Publications of Pierre Lescanne 

Game and decision processes

Logic and computation

Counting lambda terms



You may also be interested by the page where I collected not easily accessible publications by several authors in the domain of term rewriting and type theory.

See also the support of talks I gave.

The following list is not exhaustive. For a more complete list see the list of my publications (or DBLP which gives a less up-to-date list). See my ArXiV publications.

Resource control

CP games and applications to biology

A newer presentation of CP games taking account of Feasibility/Desirability concept to draw connection.

This paper has been rejected by Theoretical Economics.  The report is interesting as it shows that the editor does not comment the paper itself (did he read it?) and does not dare discuss the three aspects presented in the abstract, instead he argues on a specific example which was made up like the examples in textbooks to show a point.  What is clear is that he did not catch the ideas behind FD-games (or CP-games).

On infinite extensive games and escalation

We present infinite extensive strategy profiles with perfect information and we show that replacing finite by infinite changes the notions and the reasoning tools. The presentation uses a formalism recently developed by logicians and computer science theoreticians, called coinduction. This builds a bridge between economic game theory and the most recent advance in theoretical computer science and logic. The key result is that rational agents may have strategy leading to divergence .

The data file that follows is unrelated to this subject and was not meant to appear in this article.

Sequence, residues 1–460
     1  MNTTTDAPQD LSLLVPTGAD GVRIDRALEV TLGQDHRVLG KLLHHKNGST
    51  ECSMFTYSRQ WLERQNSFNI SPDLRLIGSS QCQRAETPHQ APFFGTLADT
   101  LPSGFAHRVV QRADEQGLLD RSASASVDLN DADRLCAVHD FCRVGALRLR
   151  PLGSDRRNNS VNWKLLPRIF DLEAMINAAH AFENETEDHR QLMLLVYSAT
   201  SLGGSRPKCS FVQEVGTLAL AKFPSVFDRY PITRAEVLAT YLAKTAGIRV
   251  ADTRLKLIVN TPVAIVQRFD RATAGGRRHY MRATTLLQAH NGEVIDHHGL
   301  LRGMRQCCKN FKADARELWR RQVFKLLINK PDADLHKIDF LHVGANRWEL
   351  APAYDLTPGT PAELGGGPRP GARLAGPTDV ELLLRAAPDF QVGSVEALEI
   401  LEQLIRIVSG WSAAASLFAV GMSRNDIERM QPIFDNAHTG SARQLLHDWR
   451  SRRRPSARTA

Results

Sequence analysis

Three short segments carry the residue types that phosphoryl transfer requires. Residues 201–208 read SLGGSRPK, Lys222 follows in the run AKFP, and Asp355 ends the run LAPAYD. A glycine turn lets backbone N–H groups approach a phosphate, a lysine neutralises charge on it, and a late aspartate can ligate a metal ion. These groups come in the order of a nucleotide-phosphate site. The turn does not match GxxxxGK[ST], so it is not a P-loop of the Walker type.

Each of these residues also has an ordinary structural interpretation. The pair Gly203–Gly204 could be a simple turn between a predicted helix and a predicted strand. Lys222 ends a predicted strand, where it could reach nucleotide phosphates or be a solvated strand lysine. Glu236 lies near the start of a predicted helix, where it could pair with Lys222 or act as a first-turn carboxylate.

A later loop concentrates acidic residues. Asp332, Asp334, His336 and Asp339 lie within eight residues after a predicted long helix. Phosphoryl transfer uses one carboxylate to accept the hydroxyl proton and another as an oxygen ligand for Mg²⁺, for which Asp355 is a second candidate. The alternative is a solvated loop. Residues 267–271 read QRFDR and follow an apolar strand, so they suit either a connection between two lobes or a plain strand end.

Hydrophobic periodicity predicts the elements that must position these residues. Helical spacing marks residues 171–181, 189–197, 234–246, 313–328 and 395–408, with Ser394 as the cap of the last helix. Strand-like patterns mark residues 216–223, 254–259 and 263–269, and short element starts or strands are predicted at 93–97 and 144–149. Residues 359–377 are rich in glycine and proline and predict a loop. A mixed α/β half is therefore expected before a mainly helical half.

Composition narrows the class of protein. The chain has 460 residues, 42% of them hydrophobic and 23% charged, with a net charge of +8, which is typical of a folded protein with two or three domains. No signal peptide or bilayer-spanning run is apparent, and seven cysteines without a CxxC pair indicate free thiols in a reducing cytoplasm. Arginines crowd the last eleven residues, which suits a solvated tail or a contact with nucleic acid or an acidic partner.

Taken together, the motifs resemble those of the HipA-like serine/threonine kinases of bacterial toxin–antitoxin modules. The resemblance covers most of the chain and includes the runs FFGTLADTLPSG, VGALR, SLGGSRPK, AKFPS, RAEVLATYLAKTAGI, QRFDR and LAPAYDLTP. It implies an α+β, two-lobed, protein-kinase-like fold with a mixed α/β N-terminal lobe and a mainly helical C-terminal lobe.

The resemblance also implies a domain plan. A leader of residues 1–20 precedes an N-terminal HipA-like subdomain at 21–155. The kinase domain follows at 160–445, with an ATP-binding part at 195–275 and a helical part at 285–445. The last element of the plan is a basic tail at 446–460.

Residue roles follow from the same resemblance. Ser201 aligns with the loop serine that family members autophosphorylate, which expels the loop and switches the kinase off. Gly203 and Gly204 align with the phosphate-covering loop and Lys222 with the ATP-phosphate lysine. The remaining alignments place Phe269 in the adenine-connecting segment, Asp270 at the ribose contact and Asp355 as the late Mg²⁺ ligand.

Escalation is the fact that in a game (for instance an auction), the agents play forever. It is not necessary to consider complex examples to establish its rationality. In particular, the 0,1-game is an extremely simple infinite game in which escalation arises naturally and rationally. In some sense, it can be considered as the paradigm of escalation. Through an example of economic games, we show the benefit economics can take of coinduction. CALCO 2013: 191-204

        This is an extended and modified version of the previous paper.